You can also use interesting versions like the psoas march, the front-loaded good morning, and the hanging knee tuck to really work on strengthening the core and tucking the hips and ribs into the navel – building great core control.
First, remember that a well-balanced body is the goal of any workout. While most women tend to work through lower-body dominant workouts, the balance should be around 60/40 in favour of the lower body.
Again, misconceptions about “manly” upper bodies are all over. They’re just that: misconceptions that don’t reflect what real women look like. Specifically, you should balance your pushing and pulling exercises to really help maintain the health and strength of the joints in the upper body (like the shoulder).
This is important for posture, too. You should aim for a 1-1 ratio or slightly preferring rowing and other pulling exercises. These are a great way to build a healthy and high-performance body without taking time off for annoying injuries.
If you’re not ready for the gym, you can gain these same benefits at home on your own time and in private.
Preparation for gym is one way of looking at it. Home workouts can be used to build work capacity, transform the body, and they fit easily around your other commitments. You have complete control over the timing of workouts and can fit them in piecemeal if life starts to interrupt.
This is also a way of leading into gym workouts by preparing the body and practicing key movements before loading up. This is a great way to go from beginner to gym enthusiast healthily without the addition joint and muscle loading of weight training.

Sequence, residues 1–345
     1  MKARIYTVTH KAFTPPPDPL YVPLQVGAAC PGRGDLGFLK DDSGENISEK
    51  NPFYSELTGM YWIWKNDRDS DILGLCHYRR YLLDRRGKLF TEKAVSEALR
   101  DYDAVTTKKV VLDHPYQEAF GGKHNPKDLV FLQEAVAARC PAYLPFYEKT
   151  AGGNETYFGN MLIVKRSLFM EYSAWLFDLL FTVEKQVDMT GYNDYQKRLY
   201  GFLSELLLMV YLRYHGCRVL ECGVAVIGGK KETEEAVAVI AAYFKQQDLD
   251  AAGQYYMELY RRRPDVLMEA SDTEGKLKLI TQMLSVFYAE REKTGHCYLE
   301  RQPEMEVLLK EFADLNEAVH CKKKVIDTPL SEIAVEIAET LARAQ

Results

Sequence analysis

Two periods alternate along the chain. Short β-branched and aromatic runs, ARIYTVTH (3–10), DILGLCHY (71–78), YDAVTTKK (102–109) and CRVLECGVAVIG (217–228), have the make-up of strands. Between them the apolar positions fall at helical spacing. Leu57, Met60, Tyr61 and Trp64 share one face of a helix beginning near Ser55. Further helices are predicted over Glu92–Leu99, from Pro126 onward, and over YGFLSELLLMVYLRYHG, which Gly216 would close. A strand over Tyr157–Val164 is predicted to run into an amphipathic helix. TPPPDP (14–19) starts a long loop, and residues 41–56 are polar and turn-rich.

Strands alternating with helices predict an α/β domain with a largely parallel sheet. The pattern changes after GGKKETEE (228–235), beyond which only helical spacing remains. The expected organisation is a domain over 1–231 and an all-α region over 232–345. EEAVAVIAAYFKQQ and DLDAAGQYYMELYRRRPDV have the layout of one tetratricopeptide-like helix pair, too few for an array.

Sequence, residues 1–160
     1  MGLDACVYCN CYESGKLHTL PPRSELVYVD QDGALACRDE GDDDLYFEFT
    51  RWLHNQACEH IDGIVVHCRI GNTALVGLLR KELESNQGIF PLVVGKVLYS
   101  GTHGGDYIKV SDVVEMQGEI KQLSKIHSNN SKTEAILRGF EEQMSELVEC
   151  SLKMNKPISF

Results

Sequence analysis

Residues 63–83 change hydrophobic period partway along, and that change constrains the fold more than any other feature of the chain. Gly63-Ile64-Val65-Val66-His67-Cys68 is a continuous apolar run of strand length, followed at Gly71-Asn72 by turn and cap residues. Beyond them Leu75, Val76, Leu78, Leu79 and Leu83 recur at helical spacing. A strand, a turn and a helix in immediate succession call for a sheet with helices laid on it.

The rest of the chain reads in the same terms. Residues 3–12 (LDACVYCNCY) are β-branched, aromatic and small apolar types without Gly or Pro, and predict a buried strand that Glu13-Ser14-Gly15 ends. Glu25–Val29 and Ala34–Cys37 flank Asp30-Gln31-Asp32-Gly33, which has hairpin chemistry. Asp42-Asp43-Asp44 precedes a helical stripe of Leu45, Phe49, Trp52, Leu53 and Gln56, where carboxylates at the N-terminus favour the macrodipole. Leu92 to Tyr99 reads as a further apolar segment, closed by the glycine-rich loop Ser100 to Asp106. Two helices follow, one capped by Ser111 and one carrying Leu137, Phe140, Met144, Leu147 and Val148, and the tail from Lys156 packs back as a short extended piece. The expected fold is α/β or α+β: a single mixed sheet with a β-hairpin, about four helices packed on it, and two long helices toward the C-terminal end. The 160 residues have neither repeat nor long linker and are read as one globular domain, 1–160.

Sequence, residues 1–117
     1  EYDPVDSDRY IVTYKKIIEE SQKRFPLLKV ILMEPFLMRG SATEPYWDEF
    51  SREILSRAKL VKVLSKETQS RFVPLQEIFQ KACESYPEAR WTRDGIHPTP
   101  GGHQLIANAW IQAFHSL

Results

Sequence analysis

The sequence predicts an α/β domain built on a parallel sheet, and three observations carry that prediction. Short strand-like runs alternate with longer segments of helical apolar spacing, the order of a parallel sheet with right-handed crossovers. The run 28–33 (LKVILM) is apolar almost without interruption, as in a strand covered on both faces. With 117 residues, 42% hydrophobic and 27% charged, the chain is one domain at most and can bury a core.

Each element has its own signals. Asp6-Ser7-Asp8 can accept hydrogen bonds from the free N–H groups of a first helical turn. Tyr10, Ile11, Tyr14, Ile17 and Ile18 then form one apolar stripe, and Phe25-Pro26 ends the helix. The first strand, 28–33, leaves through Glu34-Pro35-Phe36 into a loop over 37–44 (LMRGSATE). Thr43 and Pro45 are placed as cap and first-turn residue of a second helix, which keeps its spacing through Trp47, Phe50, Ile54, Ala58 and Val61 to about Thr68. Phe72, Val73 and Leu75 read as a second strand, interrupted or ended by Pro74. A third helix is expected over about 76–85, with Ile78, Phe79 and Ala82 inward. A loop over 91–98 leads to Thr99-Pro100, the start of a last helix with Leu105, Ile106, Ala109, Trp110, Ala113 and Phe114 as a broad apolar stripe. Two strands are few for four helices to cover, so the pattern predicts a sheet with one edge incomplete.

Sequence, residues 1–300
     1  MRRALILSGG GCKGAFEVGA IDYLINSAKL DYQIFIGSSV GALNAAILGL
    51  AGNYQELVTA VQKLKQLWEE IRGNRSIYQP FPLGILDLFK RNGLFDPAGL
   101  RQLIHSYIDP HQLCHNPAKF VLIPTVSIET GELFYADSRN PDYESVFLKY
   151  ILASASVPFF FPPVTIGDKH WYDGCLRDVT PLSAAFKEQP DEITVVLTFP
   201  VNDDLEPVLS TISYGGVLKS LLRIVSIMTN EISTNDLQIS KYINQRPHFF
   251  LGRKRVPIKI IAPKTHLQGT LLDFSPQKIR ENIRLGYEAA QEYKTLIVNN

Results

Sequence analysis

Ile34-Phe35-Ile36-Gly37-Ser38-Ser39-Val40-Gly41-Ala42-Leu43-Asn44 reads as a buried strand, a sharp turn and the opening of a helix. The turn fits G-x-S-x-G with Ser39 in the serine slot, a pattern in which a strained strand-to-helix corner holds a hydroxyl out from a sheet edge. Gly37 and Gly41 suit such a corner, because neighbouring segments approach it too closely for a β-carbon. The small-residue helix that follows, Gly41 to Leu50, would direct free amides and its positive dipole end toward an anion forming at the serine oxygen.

Obviously, you can do cardio at home or outside – that should be an easy substitution!
We might be a bit biased, but home workouts offer a narrower selection of kit, but a much more versatile experience and all the keys we were mentioning before: muscular change, healthier joints, better work capacity, tissue conditioning, and a more affordable approach. Specifically, members point out that they cut out time-demands, depending on gym opening hours, and the hidden time-costs of commuting to and from gyms, before even thinking about time waiting for equipment!
Gym workouts for women are great when they follow the most important principles of good exercise and smart programming. We’ve discussed workout plans before, and these two go together as the main planning of a fitness routine.
Formulaic exists to take the hard work out of planning and let you get on with doing on your schedule. We love gym workouts but understand that the benefits aren’t unique, while some of the logistical challenges are – especially if you’ve not got a great gym nearby.
We work through these challenges together with smart programming for bodyweight workouts at home. They’re affordable, accessible, easy to work through at any experience level, and offer all the same benefits of a gym workout without the stress and hassle.
Feel free to write us here and one of our coaches can help.